Benjamin Sago / ogham / cairnrefinery / etc…

Technical notes Use Ed25519 SSH keys

There are two reasons to prefer using Ed25519, instead of the default choice of RSA, as your SSH host key algorithm. These reasons are, ordered from least to most important:

  1. The United States National Security Agency may have engineered a backdoor in the cryptography of RSA,
  2. The keys come out, like, way shorter.

I’m not remotely qualified to discuss the cryptographic specifics of what the problem is with RSA. CloudFlare have a good write-up about it. I only found out about it when using Rebex SSH Check, which marked several of the key exchange algorithms I was allowing with “Possible NSA backdoor”. But while I’m certainly not a juicy enough target to warrant surveillance by any large three-letter organisations, changing to another key type was simple enough.

Who cares about all that stuff, though? Look at how short the keys are!

cat example.pub
ssh-ed25519 AAAAC3NzaC1lZ/I1NTE5AAAAIKoYvrDVn8aALb/eiqtZ3tmU7ILnwbA0EIeGHkGurk1m

Generating Ed25519 keys

To generate a new set of private and public keys using this algorithm, pass the -t ed25519 parameters to ssh-keygen, like so:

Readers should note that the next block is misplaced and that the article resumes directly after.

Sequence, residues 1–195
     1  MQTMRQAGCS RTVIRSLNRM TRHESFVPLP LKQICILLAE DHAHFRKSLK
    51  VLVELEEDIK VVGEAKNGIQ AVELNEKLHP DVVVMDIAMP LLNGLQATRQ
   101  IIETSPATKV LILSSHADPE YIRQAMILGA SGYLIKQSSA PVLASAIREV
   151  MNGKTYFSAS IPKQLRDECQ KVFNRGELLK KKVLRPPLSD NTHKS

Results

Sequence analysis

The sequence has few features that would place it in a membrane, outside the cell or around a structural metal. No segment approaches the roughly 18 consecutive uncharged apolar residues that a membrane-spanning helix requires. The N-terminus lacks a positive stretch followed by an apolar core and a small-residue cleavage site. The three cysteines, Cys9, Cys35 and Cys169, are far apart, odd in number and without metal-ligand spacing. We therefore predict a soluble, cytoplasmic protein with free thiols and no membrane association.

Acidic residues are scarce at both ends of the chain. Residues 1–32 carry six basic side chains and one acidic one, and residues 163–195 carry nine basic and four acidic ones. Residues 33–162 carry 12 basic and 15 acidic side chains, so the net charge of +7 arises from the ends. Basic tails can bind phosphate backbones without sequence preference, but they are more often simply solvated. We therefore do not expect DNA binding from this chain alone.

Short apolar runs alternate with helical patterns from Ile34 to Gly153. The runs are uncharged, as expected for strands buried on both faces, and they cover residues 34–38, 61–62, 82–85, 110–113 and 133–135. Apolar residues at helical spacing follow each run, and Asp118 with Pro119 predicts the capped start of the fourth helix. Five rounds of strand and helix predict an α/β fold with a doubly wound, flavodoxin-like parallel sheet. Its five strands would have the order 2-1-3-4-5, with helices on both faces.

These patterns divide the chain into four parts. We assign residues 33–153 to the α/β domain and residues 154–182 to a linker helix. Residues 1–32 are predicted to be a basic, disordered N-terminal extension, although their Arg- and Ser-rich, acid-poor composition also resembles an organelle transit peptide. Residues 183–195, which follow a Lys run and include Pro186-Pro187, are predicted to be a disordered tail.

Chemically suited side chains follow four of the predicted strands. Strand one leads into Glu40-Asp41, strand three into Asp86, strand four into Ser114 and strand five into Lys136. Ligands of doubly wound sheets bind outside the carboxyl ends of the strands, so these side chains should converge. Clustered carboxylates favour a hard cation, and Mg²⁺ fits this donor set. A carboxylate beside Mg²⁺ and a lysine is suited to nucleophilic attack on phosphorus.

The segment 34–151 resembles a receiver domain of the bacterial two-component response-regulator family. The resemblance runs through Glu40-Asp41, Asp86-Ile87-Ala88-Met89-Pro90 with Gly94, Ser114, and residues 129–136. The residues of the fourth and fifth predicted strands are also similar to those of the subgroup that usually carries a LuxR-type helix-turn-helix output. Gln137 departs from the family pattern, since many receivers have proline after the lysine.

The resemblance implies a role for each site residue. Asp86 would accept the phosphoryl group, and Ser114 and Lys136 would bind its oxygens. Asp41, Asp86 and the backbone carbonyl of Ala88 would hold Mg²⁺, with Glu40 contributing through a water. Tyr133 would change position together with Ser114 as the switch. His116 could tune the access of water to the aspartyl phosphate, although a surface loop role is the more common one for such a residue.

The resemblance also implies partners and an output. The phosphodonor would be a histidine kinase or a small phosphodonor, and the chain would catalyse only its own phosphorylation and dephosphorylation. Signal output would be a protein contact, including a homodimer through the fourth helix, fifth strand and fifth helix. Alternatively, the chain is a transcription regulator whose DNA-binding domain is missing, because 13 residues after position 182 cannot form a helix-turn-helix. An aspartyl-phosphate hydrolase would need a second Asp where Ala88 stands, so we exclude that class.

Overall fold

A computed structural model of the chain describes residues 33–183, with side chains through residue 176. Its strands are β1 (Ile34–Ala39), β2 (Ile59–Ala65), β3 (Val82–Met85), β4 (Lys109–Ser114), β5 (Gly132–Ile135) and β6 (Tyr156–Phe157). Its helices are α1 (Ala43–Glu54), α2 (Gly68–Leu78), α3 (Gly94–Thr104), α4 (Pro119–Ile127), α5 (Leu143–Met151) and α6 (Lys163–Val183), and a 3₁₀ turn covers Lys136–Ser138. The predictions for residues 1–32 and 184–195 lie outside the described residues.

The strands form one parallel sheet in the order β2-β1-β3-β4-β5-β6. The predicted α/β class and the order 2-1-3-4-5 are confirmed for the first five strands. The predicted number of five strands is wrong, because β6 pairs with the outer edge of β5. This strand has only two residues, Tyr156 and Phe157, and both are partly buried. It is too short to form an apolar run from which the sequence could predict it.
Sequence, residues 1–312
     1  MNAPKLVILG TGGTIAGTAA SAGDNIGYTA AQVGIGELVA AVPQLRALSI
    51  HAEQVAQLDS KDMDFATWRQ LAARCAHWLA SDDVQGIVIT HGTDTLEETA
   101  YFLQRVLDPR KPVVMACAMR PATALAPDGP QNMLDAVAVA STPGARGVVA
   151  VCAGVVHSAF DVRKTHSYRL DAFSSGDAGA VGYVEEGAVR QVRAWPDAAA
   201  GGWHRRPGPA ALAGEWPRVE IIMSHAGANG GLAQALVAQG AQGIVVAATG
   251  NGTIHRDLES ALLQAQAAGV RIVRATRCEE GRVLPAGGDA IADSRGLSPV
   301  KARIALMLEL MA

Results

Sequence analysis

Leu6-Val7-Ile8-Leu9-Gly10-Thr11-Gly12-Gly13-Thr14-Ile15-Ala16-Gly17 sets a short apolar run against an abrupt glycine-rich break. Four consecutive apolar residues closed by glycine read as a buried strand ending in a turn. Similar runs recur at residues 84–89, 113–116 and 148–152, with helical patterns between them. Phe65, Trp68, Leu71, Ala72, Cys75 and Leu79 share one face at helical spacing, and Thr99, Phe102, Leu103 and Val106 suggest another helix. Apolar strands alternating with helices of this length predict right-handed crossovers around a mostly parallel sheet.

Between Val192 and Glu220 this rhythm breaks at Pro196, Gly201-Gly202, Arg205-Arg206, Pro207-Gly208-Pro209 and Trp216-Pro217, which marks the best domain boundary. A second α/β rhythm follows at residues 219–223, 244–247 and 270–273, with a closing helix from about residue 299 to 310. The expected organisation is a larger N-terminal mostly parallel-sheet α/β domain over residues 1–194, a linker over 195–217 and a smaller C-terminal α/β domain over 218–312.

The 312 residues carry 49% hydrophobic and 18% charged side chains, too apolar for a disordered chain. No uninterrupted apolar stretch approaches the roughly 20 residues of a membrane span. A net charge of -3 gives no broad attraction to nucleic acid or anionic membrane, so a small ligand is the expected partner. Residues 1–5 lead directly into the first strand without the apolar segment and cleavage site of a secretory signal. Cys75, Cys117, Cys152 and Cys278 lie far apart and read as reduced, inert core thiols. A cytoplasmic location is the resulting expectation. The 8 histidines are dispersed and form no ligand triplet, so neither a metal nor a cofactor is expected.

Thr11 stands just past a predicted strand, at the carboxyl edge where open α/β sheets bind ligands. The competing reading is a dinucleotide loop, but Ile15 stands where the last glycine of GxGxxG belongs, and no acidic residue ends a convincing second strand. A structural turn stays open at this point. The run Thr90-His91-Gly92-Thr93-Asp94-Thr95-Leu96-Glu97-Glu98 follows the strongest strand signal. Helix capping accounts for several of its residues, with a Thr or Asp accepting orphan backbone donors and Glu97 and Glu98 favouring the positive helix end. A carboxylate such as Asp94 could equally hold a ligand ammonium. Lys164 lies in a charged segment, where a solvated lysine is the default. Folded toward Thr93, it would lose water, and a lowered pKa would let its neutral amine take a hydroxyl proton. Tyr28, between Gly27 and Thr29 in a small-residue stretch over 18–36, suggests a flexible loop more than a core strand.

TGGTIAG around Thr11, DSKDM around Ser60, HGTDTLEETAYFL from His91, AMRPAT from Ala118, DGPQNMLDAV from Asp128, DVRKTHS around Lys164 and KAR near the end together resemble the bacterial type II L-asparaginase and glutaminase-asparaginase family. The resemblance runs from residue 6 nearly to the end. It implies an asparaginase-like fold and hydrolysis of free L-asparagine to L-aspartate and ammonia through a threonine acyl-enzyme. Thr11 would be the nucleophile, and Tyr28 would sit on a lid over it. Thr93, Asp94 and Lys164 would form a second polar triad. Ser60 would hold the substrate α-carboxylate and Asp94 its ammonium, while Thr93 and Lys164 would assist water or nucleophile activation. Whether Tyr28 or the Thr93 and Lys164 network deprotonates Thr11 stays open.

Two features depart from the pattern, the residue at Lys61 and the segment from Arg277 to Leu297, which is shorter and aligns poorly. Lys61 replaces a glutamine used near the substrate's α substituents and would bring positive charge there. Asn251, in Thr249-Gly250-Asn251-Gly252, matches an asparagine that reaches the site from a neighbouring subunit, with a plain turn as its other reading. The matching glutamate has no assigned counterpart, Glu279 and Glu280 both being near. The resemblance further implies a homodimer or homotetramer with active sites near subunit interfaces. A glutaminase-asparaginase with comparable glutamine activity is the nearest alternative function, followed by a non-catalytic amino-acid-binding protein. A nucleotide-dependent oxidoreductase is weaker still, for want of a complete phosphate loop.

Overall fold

ssh-keygen -t ed25519 -f example -C "I am a comment!"

Then, just copy the key to the machine with ssh-copy-id, get the new fingerprint with ssh-keyscan and add it to your known_hosts — stopping briefly to see how beautifully short it now is — and connect.

Limiting OpenSSH algorithms

If you’re the only person who’s generating all the keys to your server, or if you can get everyone who needs access on board, you can limit the algorithms used during authentication to only the ones used by your set of keys.

On my servers, I have the following in /etc/ssh/sshd_config:

/etc/ssh/sshd_config
HostKey /etc/ssh/ssh_host_ed25519_key
HostKeyAlgorithms ssh-ed25519-cert-v01@openssh.com,ssh-ed25519
KexAlgorithms curve25519-sha256@libssh.org,diffie-hellman-group-exchange-sha256
Ciphers chacha20-poly1305@openssh.com,aes256-gcm@openssh.com,aes128-gcm@openssh.com
MACs hmac-sha2-512-etm@openssh.com,hmac-sha2-256-etm@openssh.com,umac-128-etm@openssh.com

This is not really “locking down SSH”, and calling it a security best practice is a bit of a stretch. But I do it anyway.